If you’re looking to work in film and television, it’s no secret you’ll have to get familiar with the camera and knowing the basic shots and angles can be hugely propitious for your skills to shine. So here are 12 of the most popular camera shots all video makers and directors should know:

  • AERIAL SHOT: It’s all in the name – this shot is filmed from the air and is often used to establish a location (usually exotic and/or picturesque).
  • ESTABLISHING SHOT: Again, it’s in the name – this shot is at the head of the scene and establishes the location the action is set on, whilst also setting the tone of the scene(s) to come. It usually follows directly after an aerial shot in the opening of films and is beloved by TV directors.
  • CLOSE-UP: This is perhaps the most crucial component in cinematic storytelling and is arguably an actor’s most important moment on camera. This shot is usually framed from above the shoulders and keeps only the actor’s face in full frame, capturing even the smallest facial variations
  • EXTREME CLOSE-UP: These shots are traditionally used in films and focus on a small part of the actor’s face or body, like a twitching eye or the licking of lips in order to convey intense and intimate emotions.
  • MEDIUM SHOT: Also referred to as a ‘semi-close shot’ or ‘mid-shot’, this generally shoots the actor(s) from the waist up and is typically used in dialogue scenes. It aims to capture subtle facial expressions combined with their body language or surrounding environment
  • DOLLY ZOOM: This shot sees the camera track forward from the actor whilst simultaneously zooming out, or vice-versa. So the foreground generally stays the same while the background increases or decreases across the frame. First invented by Alfred Hitchcock in Vertigo to create a dizzying, vertiginous effect.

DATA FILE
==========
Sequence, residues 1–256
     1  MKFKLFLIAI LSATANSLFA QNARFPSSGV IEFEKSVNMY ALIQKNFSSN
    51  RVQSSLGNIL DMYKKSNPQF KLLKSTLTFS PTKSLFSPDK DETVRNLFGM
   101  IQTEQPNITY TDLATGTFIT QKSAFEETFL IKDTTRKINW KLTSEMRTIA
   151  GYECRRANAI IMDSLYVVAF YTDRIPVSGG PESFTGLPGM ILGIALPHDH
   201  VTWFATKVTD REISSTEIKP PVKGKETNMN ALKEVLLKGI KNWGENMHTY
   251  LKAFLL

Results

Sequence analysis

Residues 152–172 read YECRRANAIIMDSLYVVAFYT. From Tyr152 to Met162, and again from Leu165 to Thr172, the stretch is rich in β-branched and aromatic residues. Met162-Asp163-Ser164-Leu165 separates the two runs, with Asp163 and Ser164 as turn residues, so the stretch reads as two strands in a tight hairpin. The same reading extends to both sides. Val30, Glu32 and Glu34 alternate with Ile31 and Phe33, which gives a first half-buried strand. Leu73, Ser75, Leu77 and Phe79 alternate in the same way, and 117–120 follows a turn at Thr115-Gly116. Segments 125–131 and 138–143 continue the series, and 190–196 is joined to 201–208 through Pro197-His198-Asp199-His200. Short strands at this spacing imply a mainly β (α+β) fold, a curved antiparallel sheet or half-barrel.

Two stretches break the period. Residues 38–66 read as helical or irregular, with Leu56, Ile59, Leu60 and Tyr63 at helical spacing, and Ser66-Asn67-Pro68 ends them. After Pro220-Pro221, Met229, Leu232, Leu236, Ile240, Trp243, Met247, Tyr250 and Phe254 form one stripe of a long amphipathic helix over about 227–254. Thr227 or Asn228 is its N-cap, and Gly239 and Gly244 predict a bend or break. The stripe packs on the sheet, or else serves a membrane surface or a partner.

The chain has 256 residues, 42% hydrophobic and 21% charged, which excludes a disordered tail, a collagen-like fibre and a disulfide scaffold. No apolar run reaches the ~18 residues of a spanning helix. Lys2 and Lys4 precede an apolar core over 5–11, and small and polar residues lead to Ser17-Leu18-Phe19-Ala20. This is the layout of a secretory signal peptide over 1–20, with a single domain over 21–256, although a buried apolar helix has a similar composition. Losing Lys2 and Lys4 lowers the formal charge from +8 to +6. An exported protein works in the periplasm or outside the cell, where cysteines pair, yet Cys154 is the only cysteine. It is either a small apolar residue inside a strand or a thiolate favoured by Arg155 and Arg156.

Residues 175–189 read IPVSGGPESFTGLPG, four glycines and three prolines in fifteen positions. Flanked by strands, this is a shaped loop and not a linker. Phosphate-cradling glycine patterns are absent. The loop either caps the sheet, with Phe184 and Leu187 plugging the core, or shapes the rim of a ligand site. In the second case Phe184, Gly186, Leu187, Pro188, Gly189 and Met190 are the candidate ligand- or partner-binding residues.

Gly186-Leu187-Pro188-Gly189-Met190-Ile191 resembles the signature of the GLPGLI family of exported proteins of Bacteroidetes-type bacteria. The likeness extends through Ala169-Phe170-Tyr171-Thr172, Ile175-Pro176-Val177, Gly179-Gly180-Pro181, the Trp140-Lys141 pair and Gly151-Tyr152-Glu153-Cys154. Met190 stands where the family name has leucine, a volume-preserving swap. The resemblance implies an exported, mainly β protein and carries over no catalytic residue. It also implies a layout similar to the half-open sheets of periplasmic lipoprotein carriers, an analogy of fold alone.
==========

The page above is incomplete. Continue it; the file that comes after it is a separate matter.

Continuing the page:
• OVER-THE-SHULDER-SHOT: This is where the camera is positioned behind a subject’s shoulder and is usually used for filming conversations between two actors. This popular method helps the audience to really be drawn into the conversation
  • LOW ANGLE SHOT: These shots film from a lower point and shoots up at a character or subject, making them appear larger so as to convey them as heroic, dominant or intimidating. It’s also another way of making cities look empty.
  • HIGH ANGLE SHOT: In contrast with the low angle shot, this one films from a higher point and looks down on the character or subject, often isolating them in the frame.
  • TWO-SHOT: This is a medium shot that shows two characters within the frame. Pretty straight-forward but can be pivotal in establishing relationships between the characters.
  • WIDE SHOT: This shot normally frames the subject from the top of their head to their feet whilst capturing their environment. It’s typically used to establish the setting of the particular scene.
  • MASTER SHOT: these shots capture all actors in the scene and run the entire length of the action taking place. This allows for other smaller shots like close-ups or mid-shots to then be interwoven into the master, showcasing different angles of the same scene.

Credits: nyfa.edu

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